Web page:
Sunbathing on the beautiful beaches of the Costiera Amalfitana, discovering the Renaissance art masterpieces of Florence, enjoying a stroll through Crete’s tiny streets… whatever your dream trip, there are usually ways to do it that don’t break the budget. I’ve thought long and hard about the best ways to get away during Italy’s typical August closure – the busiest and most expensive time of year here – and have come up with this shortlist of cheap holidays in Europe.
This small city on the Dalmatian coast has got it all: monuments with a rich history to visit, delicious local food and beautiful beaches. Start your day with a visit to the Old Town that contains Dubrovnik’s historic sites such as the Franciscan Monastery, the Rector’s Palace and local Cathedral. Continue with a light lunch in the fantastic little cafés around town, then go to the beach before a late, relaxing dinner. Croatia tends to be not very crowded even in the summertime.
Piran is basically a smaller version of Venice without the canals and the long crowds. The Venetian architecture is incredible and the little ancient town is perfect for a relaxing walk discovering the little shops and cafés. Slovenia is small and it’s easy to find a good base, including some very pleasant glamping options, from which you can visit the many other natural and cultural sites this clean and quiet country has to offer.
Off all the Greek Islands, Crete is one of the most beautiful (and inexpensively accessible from Italy), featuring splendid beaches, ancient treasures and landscapes, delicious food. If you like history, you will enjoy a visit to to the Palace of Knossos and the Archaeological Museum with massive columns and beautiful frescoes, while those seeking the sun can soak up on the various beaches or take a boat to visit the other islands like Myknos or Santorini. If you are a sporty person, you can hike on the hills and enjoy the view!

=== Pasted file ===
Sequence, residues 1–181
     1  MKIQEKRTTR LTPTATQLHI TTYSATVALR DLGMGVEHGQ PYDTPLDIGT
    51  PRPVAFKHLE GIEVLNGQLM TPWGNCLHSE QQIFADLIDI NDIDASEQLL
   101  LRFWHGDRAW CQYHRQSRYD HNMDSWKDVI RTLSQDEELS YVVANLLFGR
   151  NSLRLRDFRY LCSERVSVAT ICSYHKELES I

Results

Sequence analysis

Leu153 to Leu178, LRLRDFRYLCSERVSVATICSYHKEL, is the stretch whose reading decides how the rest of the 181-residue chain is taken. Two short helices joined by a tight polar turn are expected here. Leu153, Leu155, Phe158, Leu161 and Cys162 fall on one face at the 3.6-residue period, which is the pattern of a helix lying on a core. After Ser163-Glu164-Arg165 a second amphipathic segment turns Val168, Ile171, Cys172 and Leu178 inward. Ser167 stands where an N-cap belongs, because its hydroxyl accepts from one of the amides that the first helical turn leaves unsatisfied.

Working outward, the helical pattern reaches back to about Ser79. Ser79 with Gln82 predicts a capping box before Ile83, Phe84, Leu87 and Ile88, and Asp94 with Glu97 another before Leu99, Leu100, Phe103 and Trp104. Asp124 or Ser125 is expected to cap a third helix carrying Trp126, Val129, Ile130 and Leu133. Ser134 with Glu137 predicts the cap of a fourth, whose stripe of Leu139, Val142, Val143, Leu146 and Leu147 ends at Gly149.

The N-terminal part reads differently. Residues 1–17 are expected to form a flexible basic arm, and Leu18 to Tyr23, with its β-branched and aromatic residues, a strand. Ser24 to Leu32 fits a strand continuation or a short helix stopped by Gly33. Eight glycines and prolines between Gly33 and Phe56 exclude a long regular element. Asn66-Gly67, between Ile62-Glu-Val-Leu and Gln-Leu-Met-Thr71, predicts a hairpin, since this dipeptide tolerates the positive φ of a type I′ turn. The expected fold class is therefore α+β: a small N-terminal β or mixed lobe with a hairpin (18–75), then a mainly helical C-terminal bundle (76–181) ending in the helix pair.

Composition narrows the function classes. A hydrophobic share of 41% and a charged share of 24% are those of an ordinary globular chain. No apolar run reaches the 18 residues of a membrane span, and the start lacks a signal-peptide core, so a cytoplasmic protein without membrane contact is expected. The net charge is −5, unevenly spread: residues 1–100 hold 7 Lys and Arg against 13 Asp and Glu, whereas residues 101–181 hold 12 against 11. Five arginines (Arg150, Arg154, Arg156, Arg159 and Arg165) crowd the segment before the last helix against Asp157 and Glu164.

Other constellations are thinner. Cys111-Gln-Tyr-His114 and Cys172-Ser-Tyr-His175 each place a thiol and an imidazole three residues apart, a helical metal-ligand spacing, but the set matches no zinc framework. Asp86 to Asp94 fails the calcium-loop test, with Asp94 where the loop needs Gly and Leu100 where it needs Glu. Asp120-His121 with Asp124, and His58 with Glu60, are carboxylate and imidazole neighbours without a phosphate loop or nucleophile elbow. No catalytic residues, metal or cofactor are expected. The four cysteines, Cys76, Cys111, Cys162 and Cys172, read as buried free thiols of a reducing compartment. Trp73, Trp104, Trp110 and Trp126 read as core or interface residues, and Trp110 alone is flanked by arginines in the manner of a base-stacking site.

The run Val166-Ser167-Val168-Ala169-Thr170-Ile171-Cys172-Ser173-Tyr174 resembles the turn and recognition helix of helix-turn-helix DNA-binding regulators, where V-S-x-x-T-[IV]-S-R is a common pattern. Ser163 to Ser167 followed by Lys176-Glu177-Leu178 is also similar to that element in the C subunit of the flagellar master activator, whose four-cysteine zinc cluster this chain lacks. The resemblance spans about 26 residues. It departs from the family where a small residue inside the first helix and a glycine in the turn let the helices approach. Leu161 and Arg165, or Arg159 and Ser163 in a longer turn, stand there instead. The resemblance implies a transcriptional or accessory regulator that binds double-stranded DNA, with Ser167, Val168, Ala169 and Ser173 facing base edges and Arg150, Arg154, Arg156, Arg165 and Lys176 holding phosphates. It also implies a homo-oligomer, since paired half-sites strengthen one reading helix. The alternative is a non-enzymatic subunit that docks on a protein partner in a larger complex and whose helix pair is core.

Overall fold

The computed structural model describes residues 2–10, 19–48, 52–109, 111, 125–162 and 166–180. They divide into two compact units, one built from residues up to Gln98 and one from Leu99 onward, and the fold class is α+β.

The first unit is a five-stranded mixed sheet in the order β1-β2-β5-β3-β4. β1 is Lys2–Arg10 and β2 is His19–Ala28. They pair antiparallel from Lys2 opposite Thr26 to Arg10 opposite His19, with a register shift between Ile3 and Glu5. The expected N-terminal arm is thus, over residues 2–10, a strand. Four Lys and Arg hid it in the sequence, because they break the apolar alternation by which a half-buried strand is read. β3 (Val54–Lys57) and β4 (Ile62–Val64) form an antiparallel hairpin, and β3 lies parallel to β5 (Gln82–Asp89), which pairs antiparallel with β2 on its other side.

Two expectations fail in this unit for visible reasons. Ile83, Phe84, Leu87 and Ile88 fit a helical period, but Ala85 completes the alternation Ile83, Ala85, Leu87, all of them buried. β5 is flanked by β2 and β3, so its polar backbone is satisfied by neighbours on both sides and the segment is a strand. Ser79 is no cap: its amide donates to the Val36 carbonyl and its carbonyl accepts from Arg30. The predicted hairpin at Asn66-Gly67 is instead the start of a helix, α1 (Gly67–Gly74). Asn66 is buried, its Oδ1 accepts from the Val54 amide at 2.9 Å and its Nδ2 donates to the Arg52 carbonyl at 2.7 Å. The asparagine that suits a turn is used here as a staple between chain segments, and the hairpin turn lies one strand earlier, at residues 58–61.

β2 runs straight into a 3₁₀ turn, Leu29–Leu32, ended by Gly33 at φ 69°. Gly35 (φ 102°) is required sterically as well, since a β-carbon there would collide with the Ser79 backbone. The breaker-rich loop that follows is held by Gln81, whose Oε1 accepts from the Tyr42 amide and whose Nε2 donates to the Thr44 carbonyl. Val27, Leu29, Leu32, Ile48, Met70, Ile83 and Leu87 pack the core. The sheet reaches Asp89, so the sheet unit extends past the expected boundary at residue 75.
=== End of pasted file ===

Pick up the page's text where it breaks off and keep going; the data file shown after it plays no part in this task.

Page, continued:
Amalfi Coast, Italy
The strip of land called the Amalfi Coast has been declared a World Heritage Site by Unesco. Amalfi, the town that gives its name to the coast, looks like a cluster of white houses connected to each other by alleys and stairways. Atrani, Positano and Ravello are also some of the 13 towns of the coast that are totally worth a visit for the beautiful sea, the food and the limoncello – a local liquor made with lemons that it is usually served at the end of a meal. Although luxury options are the norm here, there are a lot of B&Bs and simple apartment rentals that offers convenient rates, even during the high season. Visit the official website of the Amalfi Coast tourist office to get further information and organize your itinerary. The best time to visit this area is the end of September or beginning of October when the water is still warm but the summer tourists have left.
For art lovers, Florence has no equal in Europe. Since the early nineteenth century, it has been celebrated by many as the most beautiful city in Italy and its historic centre was declared a World Heritage Site by Unesco in 1982. It is basically an open-air museum with magnificent buildings and beautiful works of art. If you are staying for 2-3 days and want to visit the Uffizi or the Accademia Gallery, Firenzecard allows you to save money and time by getting you into all the museums without a lineup. The area just outside Florence also has a number of attractions and towns to visit for a day trip. City buses runs north to Fiesole, while other companies run south into the hills of Chianti, Italy’s premier wine region. It’s generally best to visit Florence in the off season, like November, but actually August isn’t particularly desirable because it’s hot, so if you can stand it, you may get a good deal on a room!